The Best Technology for Fighting Climate Change? Trees
By Robinson Meyer – The Atlantic
When people talk about technologies that might offset climate change, they often evoke not-yet-invented marvels, like planes spraying chemicals into the atmosphere or enormous skyscrapers gulping carbon dioxide from the clouds.
***LB: Also in this story “In fact, they are two things we already know how to do: plant trees and improve the soil.”
A Biofuel Debate: Will Cutting Trees Cut Carbon?
By Eduardo Porter – The New York Times
Does combating climate change require burning the world’s forests and crops for fuel?
***LB: Also in this story “”Dedicating land to bioenergy always comes at a cost because that land cannot produce plants for other purposes,” said Timothy Searchinger, a researcher at Princeton and the World Resources Institute and a co-writer of a recent report that calls for a rollback of crops dedicated to biofuels.”
A new report just shot down a key argument against President Obama’s climate plans
By Chris Mooney – Washington Post
For a while now, those decrying the Obama administration’s plans to regulate greenhouse gas emissions from coal plants — under EPA’s Clean Power Plan — have levied a pretty serious practical criticism.
***LB: Also in this story “In the report, a “simple, illustrative national carbon policy applied to the electric power sector” was considered: the nation’s natural gas infrastructure would only require “modest incremental additions” of pipeline capacity.”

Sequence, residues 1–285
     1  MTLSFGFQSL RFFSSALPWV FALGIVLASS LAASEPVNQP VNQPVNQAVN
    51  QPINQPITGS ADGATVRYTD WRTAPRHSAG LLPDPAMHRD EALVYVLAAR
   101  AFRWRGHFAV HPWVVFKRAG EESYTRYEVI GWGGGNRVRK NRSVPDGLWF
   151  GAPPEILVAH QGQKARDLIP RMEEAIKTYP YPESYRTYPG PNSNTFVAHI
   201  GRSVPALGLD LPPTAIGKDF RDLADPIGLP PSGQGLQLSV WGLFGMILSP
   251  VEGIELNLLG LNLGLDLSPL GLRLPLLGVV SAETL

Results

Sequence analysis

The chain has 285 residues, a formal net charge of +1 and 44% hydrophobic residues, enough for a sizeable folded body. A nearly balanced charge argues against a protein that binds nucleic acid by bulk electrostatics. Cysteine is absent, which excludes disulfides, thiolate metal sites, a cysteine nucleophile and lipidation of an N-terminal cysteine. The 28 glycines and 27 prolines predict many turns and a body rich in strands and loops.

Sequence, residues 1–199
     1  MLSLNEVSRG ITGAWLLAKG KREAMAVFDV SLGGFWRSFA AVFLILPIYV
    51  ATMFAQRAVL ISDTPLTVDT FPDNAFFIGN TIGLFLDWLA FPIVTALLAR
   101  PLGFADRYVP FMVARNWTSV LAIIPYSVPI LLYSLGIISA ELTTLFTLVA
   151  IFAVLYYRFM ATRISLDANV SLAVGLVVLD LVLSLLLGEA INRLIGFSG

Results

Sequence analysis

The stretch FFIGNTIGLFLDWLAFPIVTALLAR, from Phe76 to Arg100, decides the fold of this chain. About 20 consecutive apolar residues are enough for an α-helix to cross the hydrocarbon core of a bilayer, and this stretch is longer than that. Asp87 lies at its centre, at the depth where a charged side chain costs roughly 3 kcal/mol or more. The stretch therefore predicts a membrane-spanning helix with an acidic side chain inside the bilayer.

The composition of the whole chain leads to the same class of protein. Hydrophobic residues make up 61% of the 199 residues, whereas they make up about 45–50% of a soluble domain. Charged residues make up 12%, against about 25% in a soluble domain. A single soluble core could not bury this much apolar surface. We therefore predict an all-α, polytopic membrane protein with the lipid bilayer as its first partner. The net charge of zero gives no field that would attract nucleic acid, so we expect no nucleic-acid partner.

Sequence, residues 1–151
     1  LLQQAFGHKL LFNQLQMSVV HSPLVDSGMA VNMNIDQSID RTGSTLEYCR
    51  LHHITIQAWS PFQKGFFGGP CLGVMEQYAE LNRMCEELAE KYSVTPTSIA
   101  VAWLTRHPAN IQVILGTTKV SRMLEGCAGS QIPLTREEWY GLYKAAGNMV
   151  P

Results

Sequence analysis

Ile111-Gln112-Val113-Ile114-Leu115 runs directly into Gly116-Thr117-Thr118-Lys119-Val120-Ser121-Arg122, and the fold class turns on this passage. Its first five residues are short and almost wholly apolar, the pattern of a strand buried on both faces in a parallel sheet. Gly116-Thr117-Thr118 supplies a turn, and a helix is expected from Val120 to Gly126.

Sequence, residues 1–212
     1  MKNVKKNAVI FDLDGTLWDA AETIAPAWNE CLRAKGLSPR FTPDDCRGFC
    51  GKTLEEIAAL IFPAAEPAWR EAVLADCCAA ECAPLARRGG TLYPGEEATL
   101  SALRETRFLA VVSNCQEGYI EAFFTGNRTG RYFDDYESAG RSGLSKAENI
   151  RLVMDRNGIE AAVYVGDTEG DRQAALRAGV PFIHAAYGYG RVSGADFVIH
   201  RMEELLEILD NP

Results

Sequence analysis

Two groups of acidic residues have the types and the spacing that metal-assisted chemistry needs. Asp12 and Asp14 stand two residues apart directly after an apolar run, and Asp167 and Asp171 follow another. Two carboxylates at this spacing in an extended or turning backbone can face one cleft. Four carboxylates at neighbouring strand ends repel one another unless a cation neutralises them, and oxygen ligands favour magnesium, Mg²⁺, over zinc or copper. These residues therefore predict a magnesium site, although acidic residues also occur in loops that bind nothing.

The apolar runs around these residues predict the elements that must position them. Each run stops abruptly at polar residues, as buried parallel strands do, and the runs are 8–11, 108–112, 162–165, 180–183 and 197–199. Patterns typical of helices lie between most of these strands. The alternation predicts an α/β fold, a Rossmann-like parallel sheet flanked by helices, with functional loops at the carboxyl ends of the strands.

China Shenhua Energy coal sales down 12.4 pct in 2014
China Shenhua Energy Co. Ltd’s coal sales in 2014 fell 12.4 percent from a year earlier to 451.1 million tonnes because of slowing demand and production cuts, the company said on Tuesday.
Cameron’s Bid to Tap Shale-Gas Boom Founders Amid Fracking Bans
By Nidaa Bakhsh and Alex Morales – Bloomberg
The drive by U.K. Prime Minister David Cameron and Chancellor of the Exchequer George Osborne to spur a shale-gas revolution is floundering before it’s even started.
Wind farm study finds ‘no direct evidence’ they affect health
By Calla Wahlquist – The Guardian
There is “no direct evidence” that windfarms affect health in humans, a report by the National Health and Medical Research Council (NHMRC) has found.
Electricity from biomass with carbon capture could make western U.S. carbon-negative
By Robert Sanders – UC Berkeley News
Generating electricity from biomass, such as urban waste and sustainably-sourced forest and crop residues, is one strategy for reducing greenhouse gas emissions, because it is carbon-neutral: it produces as much carbon as the plants suck out of the atmosphere.
Are Solar Companies Ripping You Off?
By Tim McDonnell – Mother Jones
Back in December, a group of Republican members of Congress from Arizona and Texas sent a worried letter to the Federal Trade Commission.
***LB: Also in this story “Solar panel companies, the letter claimed, might be using deceptive marketing practices to lease their rooftop systems to homeowners without fully disclosing the financial risks.”
Solar Panels Get Dirty, Now They Have A Force Field To Protect Them From Dust